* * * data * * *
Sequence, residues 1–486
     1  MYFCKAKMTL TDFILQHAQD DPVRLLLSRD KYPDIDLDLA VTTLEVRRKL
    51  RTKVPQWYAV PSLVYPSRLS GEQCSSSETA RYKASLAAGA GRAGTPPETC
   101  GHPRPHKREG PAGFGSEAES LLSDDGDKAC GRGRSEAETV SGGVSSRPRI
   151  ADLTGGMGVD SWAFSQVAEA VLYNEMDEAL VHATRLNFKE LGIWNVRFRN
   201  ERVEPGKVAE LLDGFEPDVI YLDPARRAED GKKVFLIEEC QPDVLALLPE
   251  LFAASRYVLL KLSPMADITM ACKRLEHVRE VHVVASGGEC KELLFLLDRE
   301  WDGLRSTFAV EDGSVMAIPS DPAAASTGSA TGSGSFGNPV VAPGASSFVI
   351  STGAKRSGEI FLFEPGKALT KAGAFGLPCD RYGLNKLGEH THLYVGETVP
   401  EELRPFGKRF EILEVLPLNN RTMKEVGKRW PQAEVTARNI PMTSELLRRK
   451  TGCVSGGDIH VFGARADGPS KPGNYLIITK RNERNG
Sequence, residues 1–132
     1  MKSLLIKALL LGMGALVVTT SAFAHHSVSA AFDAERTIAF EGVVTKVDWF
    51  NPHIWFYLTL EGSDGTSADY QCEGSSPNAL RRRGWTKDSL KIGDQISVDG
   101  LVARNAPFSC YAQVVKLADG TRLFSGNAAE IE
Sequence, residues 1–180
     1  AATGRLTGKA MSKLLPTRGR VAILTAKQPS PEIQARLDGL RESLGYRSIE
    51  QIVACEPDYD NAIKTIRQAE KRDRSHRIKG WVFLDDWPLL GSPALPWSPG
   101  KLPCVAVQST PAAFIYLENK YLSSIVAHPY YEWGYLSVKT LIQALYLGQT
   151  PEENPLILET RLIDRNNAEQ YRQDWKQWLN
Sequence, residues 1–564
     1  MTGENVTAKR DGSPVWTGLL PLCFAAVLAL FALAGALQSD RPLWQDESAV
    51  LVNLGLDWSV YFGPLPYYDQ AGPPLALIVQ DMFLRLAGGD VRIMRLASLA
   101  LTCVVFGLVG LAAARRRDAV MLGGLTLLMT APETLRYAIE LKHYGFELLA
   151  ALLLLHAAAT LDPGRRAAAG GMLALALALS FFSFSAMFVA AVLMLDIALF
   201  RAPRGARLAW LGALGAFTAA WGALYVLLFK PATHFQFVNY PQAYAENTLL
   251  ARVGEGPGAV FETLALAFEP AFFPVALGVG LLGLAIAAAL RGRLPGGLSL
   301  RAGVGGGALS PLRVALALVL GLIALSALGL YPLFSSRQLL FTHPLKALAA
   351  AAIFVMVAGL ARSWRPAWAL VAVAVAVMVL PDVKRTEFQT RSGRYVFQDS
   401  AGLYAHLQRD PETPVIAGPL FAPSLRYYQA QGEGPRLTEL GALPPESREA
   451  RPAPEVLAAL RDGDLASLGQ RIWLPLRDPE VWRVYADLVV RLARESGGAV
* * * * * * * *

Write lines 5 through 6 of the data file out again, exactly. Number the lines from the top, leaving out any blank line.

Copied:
   151  ADLTGGMGVD SWAFSQVAEA VLYNEMDEAL VHATRLNFKE LGIWNVRFRN
   201  ERVEPGKVAE LLDGFEPDVI YLDPARRAED GKKVFLIEEC QPDVLALLPE